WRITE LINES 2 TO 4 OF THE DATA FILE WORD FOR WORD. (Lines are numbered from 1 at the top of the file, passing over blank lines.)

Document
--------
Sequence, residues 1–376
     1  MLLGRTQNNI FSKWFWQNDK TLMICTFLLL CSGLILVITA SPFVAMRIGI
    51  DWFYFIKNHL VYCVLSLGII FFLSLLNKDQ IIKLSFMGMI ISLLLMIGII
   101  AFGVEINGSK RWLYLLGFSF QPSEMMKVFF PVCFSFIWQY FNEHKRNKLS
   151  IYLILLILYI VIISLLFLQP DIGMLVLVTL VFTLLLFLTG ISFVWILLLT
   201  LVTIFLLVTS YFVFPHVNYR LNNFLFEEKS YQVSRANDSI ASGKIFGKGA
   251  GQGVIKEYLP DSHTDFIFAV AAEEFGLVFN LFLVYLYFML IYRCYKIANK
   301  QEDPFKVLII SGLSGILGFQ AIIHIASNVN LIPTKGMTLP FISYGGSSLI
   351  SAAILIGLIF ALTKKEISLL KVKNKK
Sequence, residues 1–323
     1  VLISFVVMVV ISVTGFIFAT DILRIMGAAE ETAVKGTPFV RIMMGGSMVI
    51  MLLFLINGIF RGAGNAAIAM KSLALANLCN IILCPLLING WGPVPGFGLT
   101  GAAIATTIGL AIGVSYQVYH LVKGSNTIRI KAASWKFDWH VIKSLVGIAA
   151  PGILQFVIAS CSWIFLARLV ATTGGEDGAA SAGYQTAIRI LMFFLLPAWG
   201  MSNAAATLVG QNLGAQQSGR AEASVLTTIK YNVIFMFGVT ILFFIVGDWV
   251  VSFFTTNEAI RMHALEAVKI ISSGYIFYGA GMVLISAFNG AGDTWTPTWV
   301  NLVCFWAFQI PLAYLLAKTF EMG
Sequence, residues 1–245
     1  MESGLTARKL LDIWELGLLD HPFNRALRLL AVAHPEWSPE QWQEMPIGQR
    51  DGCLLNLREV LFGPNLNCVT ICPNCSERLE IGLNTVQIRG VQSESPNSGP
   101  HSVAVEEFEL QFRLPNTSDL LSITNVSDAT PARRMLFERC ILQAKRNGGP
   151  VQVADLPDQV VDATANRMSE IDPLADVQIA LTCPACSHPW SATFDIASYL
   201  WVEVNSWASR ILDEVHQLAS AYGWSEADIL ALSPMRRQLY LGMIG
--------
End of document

     1  MLLGRTQNNI FSKWFWQNDK TLMICTFLLL CSGLILVITA SPFVAMRIGI
    51  DWFYFIKNHL VYCVLSLGII FFLSLLNKDQ IIKLSFMGMI ISLLLMIGII
   101  AFGVEINGSK RWLYLLGFSF QPSEMMKVFF PVCFSFIWQY FNEHKRNKLS